In preparation for the meeting, Sophie encouraged you to review the key provisions included in SAS 109, SOX Section 404, applicable sections of PCAOB Auditing Standard No. 5, and your firm’s internal guidance, which groups ITGCs into the following five areas: IT management, systems development, data security, change management, and business continuity planning (BCP).

IT management’s key concepts include IT’s position within the organization, whether IT goals are aligned with the organization’s strategic goals, the use of an IT steering com- mittee, and whether the IT department’s structure promotes proper segregation of duties to protect the organization’s assets. Your primary concerns are:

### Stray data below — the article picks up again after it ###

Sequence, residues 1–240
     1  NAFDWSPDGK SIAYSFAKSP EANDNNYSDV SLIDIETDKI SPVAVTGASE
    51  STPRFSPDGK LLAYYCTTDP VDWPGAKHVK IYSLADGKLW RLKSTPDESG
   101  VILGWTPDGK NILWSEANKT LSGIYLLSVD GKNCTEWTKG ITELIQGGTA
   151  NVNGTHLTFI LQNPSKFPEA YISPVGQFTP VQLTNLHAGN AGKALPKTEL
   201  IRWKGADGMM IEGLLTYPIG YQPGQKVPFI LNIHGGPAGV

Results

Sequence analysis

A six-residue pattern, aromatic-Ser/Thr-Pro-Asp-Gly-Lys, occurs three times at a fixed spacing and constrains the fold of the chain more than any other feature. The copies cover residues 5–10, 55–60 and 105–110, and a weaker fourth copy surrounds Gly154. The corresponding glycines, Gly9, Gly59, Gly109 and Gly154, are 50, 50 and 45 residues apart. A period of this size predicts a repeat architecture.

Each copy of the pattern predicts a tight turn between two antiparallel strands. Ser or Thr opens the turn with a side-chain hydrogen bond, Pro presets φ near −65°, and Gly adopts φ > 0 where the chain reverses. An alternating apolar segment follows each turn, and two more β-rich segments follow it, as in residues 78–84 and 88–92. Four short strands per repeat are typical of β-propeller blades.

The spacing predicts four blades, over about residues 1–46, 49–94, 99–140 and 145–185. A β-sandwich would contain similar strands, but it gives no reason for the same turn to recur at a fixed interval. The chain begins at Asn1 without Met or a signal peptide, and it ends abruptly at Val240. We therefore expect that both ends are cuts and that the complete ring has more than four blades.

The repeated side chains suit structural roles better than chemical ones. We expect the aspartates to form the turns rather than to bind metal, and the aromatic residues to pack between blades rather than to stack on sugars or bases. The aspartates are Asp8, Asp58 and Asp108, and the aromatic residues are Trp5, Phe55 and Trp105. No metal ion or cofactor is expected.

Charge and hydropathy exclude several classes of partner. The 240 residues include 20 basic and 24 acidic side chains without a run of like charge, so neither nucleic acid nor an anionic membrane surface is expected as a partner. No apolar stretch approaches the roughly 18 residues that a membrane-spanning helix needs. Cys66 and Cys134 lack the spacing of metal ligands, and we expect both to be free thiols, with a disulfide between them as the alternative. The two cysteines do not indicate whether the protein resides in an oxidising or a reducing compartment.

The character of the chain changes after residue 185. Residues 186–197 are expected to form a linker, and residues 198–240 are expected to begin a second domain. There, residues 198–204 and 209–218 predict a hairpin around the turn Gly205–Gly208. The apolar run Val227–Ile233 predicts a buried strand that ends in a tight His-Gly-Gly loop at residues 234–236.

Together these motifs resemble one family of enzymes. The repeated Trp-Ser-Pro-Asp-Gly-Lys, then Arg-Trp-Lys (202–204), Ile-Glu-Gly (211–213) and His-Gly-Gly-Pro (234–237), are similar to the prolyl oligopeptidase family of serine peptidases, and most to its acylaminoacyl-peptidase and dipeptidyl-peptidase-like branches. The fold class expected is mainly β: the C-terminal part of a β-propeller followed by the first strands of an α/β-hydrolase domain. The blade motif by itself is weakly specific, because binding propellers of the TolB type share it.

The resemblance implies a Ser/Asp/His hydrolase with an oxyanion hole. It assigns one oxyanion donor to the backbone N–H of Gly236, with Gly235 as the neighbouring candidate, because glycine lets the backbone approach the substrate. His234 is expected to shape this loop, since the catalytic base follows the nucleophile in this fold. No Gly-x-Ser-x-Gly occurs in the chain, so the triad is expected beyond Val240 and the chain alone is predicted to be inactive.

● ● ● ●

Does FFC have an IT strategic plan? To whom does the Chief Information Officer (CIO) report? What key responsibility areas report to the CIO? Does FFC have an IT steering committee? Is so, who are the members?

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Systems Development

The key concepts within systems development include the existence of a new systems implementation methodology, project management, pre- and post-implementation reviews, quality control, adequate testing, and demonstrated compliance with the selected imple- mentation methodology. Based on this understanding, your team’s primary concerns are:

● Does FFC design, develop, and implement systems in a logical fashion? ● Does the organization consider internal controls as an integral part of systems design

or does it retrofit them after implementation? ● To what extent is FFC’s Internal Audit department involved in systems development

activities? Is it part of the project review team? Is it a voting member of the team? ● In particular, how well did FFC manage the development and implementation of its